For those unfamiliar with New York real estate, navigating Craigslist.org’s apartment listings can be a headache-inducing nightmare. Cutting through the jargon and double-talk is essential for renters looking for that ideal combination of value, safety, charm and convenience. The following glossary will help prospective tenants get the most out of their search.
Alcove Studio = The unit really is just one room, but it has an adjoining space, usually perpendicular to the main space, that can be set off to create a dressing nook, sleeping area or office. Some brokers use this term interchangeably with “junior one-bedroom” (see below).
Carriage House = A standalone structure. These usually are two stories tall and rent for more than apartments with comparable space.
Convertible = The landlord will allow tenants to create additional rooms by adding walls (see the Junior One-Bedroom, Flex-1, and Walls Up entries).
Cozy = Small
CPS = Central Park South
CPW = Central Park West
Deco Fireplace = A decorative, nonfunctioning fireplace
Diplomats OK = This generally applies only to apartments in midtown east, near the United Nations building. Some landlords avoid renting to diplomats because of their different legal status, meaning they’d be more difficult to prosecute if the need arose.
Doorman, DM = Doormen provide an extra deterrent to criminals and trespassers. They also sign for your packages, announce any visitors you might have, and occasionally help hail cabs and perform other services. It’s recommended that you tip them generously during the holidays.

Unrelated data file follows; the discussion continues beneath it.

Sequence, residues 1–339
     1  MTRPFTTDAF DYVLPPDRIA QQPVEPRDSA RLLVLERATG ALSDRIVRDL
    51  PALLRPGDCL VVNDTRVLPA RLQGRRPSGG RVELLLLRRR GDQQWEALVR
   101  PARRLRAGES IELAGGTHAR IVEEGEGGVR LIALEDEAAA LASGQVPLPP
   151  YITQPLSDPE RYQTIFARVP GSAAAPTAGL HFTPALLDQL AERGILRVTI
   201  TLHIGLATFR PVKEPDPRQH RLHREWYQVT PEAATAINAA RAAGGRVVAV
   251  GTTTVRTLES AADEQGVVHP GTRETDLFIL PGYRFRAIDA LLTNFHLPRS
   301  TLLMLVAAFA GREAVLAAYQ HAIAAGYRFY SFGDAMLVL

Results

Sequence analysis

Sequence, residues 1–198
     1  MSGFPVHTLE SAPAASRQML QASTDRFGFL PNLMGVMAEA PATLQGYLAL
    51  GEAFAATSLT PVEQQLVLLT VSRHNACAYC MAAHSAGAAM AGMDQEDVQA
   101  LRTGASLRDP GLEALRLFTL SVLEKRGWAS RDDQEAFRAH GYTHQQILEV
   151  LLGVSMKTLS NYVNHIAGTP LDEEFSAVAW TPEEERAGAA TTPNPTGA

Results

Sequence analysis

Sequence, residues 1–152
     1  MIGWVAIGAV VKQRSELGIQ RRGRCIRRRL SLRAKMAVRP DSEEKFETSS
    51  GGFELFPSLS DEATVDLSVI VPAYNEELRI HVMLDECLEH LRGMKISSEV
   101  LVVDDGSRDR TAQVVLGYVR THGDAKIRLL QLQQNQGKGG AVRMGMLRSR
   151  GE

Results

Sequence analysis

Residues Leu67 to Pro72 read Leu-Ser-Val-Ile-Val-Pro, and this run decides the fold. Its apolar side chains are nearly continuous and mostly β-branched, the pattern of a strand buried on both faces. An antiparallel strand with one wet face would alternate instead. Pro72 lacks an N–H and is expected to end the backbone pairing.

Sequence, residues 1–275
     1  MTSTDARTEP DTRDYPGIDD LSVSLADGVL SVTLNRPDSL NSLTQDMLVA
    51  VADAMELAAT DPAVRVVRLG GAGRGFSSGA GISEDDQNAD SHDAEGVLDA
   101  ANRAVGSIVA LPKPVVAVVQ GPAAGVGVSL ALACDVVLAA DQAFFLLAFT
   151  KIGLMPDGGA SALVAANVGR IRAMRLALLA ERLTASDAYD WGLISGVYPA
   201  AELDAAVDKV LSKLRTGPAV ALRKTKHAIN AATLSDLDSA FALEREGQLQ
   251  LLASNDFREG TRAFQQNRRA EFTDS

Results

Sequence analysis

Duplex = Unlike in the rest of America, in New York, a duplex is not a house split in half. It’s a bi-level apartment, usually connected by a narrow spiral staircase. The same principle applies to triplexes.
D/W = Dishwasher, a rare but valuable amenity in New York apartments
EIK = “Eat-in kitchen”
Exclusive Listing = Only one brokerage has showing rights for the apartment, which means prospective tenants may have less competition.
Fee Apartment = For their services, most brokers charge a fee totaling 10 percent or more of the annual rent. Often, fee apartments have lower rents than no-fee units, so if you plan to stay in your place for some time, paying more upfront can save you money in the long run. If you move after a year, however, it’s basically a wash. Some brokers are willing to negotiate with prospective tenants on the fee. Always ask if this is a possibility.
Flex-1, Flex-2, etc. = Because of their size or layout, these apartments can in theory be divided to hold more roommates. (See the Convertible, Junior One-Bedroom and Walls Up entries.)
Floor-Thru = The apartment extends from the front of the building to the back.
FP = Fireplace
Galley Kitchen = A long and narrow kitchen abutting one wall of the apartment
Garden Apartment = Because these apartments are below street level, they often cost less to rent. The trade-off: they often receive less light, and noise from the street can be more instructive.
Gut Reno = This is short for “gut renovation,” which means that a some point, the landlord has replaced much or all of the apartment’s innards (i.e. lighting, plumbing, fixtures and flooring)